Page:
According to statistics, nearly half of us own a smartphone, laptops are eclipsing TVs in popularity and social networking sites are replacing quality time with friends. Some of us check our devices religiously throughout the day (guilty!), even taking them to bed with us. And ‘dual-screening’ is now commonplace – that’s when you do things like keep checking your phone while watching TV. But don’t worry, you’re not alone; 70% of tablet users do the same. So maybe its time to get back to basics by considering a digital detox?
All in all, we’re spending a hefty amount of our time online – a trend that’s worrying many health and relationship experts. And one of the biggest things to suffer under the changes brought about by a spike in new technology use has been family time.
Dr Nerina Ramlakhan, sleep expert and author of Tired But Wired (Souvenir Press), advises that you conduct an honest audit of how much time your family spends on tech. She believes that “the results may shock you into change”. Here she shares her six steps to moderating the amount of time you spend connected to devices and maximising the time you spend connecting to your loved ones.
A digital detox, which helps you moderate the time you spend on tech, is a good idea, in theory. But realistically, this could potentially interfere with your work and social life. Sure, we’d all love to throw our phones into the ocean some days, but that’s just not how it works.
That’s where these six steps come in. They’re about minimizing digital time, as opposed to alleviating it. And they’re flexible – you can put them into practice where and when you can. Like any detox, there can never be a one-size-fits-all approach, so use what you can and just be mindful of the rest.
SIX STEPS TO A TECH DETOX
1. Create tech-free zones or time.
Try to return to some old-fashioned family rituals, like having a meal together a few times a week with no phones or computers allowed. If you have some more time on your hands, you could even arrange a family ‘games night’ with board games.
You could also make some parts of your home tech-free zones. Consider not allowing yourself to take your phone to the bathroom with you. Think of all the time we spend scrolling on the loo… It’s also a good idea to ban phones from your dining room table and kitchen, as these are usually communal spaces where real-life interaction thrives.
2. Don’t sleep with your laptop or phone switched on in your bedroom
Trying to drift off to dreamland can be super frustrating if your phone keeps buzzing you awake as your over-enthusiastic friends keep tagging you in Facebook comments. And waking up to your phone creates the temptation to scoop it up and check notifications as the first thing you do each morning.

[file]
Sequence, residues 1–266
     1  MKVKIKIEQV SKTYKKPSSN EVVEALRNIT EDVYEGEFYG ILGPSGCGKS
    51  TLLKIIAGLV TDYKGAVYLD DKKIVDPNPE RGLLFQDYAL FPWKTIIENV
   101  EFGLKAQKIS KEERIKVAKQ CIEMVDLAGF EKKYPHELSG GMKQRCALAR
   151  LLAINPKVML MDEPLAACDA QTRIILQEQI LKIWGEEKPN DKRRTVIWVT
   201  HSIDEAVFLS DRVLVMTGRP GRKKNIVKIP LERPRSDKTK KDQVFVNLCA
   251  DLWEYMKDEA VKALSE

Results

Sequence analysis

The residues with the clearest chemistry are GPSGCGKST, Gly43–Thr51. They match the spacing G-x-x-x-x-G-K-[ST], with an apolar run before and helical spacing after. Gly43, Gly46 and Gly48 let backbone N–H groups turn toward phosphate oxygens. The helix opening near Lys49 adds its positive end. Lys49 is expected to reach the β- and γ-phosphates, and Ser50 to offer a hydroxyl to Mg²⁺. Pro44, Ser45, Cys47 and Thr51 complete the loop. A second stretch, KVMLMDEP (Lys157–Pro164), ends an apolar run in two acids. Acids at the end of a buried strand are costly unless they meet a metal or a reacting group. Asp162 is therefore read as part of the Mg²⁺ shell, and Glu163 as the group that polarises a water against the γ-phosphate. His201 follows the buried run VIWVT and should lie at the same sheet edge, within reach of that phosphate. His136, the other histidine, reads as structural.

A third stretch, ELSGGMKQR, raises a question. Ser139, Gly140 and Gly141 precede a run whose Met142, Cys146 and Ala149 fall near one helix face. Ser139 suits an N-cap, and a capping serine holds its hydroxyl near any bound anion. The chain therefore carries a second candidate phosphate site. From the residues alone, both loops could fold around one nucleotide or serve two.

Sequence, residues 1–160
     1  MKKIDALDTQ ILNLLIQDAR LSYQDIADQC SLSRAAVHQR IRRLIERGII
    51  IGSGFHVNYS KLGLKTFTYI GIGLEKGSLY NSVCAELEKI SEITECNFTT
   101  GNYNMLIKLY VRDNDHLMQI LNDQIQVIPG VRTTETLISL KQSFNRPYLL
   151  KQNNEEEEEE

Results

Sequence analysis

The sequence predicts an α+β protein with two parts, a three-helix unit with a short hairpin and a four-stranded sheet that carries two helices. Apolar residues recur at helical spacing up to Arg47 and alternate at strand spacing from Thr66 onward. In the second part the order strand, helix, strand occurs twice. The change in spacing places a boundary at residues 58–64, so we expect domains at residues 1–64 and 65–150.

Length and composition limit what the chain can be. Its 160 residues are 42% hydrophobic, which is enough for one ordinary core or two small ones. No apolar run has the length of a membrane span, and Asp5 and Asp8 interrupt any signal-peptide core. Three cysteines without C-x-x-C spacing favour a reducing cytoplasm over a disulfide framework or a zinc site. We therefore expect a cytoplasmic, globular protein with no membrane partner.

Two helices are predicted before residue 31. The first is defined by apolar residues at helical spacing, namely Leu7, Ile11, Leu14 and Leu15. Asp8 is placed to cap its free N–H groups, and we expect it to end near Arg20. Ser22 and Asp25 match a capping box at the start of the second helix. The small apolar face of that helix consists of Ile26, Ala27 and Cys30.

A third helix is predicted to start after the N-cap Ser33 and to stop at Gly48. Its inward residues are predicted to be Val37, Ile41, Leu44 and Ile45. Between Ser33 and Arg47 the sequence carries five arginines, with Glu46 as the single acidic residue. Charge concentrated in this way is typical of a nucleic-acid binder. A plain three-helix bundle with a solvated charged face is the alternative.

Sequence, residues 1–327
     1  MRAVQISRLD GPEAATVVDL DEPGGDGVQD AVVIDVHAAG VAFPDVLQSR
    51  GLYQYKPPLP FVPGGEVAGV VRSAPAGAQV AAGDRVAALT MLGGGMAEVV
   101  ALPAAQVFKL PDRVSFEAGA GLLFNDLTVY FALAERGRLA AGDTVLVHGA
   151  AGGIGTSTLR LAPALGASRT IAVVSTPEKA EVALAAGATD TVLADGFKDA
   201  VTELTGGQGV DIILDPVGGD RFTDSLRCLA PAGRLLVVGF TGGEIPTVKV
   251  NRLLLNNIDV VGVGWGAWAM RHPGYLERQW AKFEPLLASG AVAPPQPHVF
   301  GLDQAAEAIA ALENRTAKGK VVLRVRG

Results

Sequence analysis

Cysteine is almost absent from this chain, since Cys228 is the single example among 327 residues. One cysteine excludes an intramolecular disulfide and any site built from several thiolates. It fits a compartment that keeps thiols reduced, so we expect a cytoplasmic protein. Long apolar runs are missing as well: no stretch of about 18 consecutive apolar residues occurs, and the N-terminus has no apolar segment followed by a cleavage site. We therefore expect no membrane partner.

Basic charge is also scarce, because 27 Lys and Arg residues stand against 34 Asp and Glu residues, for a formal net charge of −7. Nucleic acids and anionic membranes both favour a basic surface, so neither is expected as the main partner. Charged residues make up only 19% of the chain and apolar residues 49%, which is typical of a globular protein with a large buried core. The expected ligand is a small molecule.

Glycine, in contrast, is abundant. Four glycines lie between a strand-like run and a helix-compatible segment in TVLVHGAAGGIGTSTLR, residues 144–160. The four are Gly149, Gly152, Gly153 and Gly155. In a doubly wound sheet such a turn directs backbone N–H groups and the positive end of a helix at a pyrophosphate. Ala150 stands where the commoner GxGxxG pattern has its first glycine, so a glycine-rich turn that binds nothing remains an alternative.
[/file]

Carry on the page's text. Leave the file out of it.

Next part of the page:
Making some space between you and your tech might help you manage social media habits and the stress of near-constant communication. Take a break. Consider charging your phone and laptop in another room. It’s a surefire way to assure some quality sleep.
3. Set a good example
Avoid checking your cellphone unnecessarily when you’re with family. The more you do it, the more it becomes okay for everyone else to follow suit. Remember that it’s also easy for children to pick up bad habits.
If you’re going to try to moderate the tech time of those around you, be sure to moderate yourself first. Set the trend in your home and help others along by engaging in chats, hobbies, and activities with them. You’ll soon find that this is way more stimulating than hours on your phone.
4. Stop feeling like you’re ‘missing out’ when you’re not online
Listen, FOMO is real. When you’re home in your pj’s and you see your friends are out (thanks, Instagram), it’s easy to give in to that sinking feeling of missing out.
Instead of fussing over everyone’s online presence, find things to enjoy away from the computer. Turn your FOMO into JOMO – “Joy of Missing Out”. Catch up on your reading, paint your nails, or luxuriate in a bubble bath. There’s more to life than being glued to your phone in your downtime. Think of JOMO as an opportunity for self-care.
5. Turn off your notifications
Honestly, who needs work emails on a Sunday morning? What value do seemingly millions of Facebook tags really add to your life? While keeping connected is super important, it’s okay to set boundaries. Here’s where a little digital detox step comes in…
Over weekends, try turning your ‘incoming mail’ pop-up or sound alert off. The world won’t end if you only get to your mails on Monday mornings. Another good idea is to unsubscribe from unimportant mailing lists. This way, you won’t be bombarded with reminders to shop online or to check out the ‘FLASH SALE’.
6. Turn off your computer at a certain point every evening
Set a turn-off time for each evening to make sure you don’t disappear into a digital vortex daily. It’s easy to lose track of time in front of our screens. Manage your screen time with some boundaries – especially when you’re not nearing a submission date or work deadline.
Also, start leaving your tablet behind when you pop out for an hour – eventually you may feel ready to go the whole weekend without any technology! Baby steps make big changes over time. A part-time digital detox will open your eyes as to how much time we really spend wound up in tech.